In contrast to his brother, King Haakon VII of Norway, and Queen Wilhelmina of the Netherlands, King George II of the Hellenes, Grand Duchess Charlotte of Luxembourg, King Peter II of Yugoslavia, President Edvard Beneš of Czechoslovakia and President Władysław Raczkiewicz of Poland, all of whom went into exile during the Nazi occupation of their countries, King Christian X (like King Leopold III of the Belgians) remained in his capital throughout the occupation of Denmark, being to the Danish people a visible symbol of the national cause (Haakon VII escaped the German advance after refusing to accept a Nazi-friendly puppet regime.)
The royal couple was given great popularity as national symbols during the World War II occupation, which was demonstrated during a tour through the country in 1946. Before the occupation, she and her daughter-in-law were engaged in mobilising the Danish women.
Her rejection of Major General Kurt Himer, Chief of Staff to General Kaupisch on April 9, 1940 became a symbol for her loyalty toward Denmark before her birth country Germany. When General Himer asked for an audience with the monarch, Christian was persuaded to receive him by his daughter-in-law as he would any other, which was supported by Alexandrine. He asked to do so alone, but Alexandrine told him she would interrupt them.
When the General was about to leave, she came in; and when he greeted her, she said: “General, this is not the circumstance in which I expected to greet a countryman.”
It was reported, that although Alexandrine was seen as shy and disliked official ceremonies, she had a “sharp” intelligence, and she was, together with her daughter-in-law, Ingrid of Sweden, a true support of the monarch and a driving force for the resistance toward the occupation within the royal house.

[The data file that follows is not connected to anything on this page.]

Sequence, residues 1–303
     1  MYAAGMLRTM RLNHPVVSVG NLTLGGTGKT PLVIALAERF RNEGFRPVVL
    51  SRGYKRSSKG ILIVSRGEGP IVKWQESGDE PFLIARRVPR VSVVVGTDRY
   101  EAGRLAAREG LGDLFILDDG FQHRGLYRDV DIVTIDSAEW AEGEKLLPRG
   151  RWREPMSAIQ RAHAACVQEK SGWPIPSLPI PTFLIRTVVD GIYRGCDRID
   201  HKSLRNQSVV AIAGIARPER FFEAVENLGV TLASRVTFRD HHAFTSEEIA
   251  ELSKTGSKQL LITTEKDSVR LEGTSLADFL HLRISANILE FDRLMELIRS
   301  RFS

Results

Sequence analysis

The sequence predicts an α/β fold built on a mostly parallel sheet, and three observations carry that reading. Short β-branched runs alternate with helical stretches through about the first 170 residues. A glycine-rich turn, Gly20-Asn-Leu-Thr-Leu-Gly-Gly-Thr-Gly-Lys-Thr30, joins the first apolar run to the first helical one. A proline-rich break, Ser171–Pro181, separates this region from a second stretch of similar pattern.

It was also reported, that in contrast to the monarch himself and the Crown Prince, the Queen and the Crown Princess never lost their calm when the nation was attacked.
As she was not the Head of the Royal House, she could show herself in public more than her spouse, who did not wish to show support to the occupation by being seen in public, and she used this to engage in various organisations for social relief to ease the difficulties caused by the occupation. Kaj Munk is quoted to describe the public appreciation of her during World War II with his comment: “Protect our Queen, the only German we would like to keep!”
King Christian X used to ride daily through the streets of Copenhagen unaccompanied while the people stood and waved to him. One apocryphal story relates that one day, a German soldier remarked to a young boy that he found it odd that the King would ride with no bodyguard. The boy reportedly replied, “All of Denmark is his bodyguard.”
At his death in Amalienborg Palace, Copenhagen, in 1947, at the age of 76, King Christian X was interred along with other members of the Danish royal family in Roskilde Cathedral near Copenhagen. Although he had been behind the politics of Erik Scavenius, a cloth armband of the type worn by members of the Danish resistance movement was placed on his coffin under a castrum doloris.
When Queen Alexandrine was widowed; she became the first Queen Dowager of Denmark to opt not to use that title.
She died in Copenhagen on December 28 in 1952 at the age of 73 and is interred next to her husband in Roskilde Cathedral.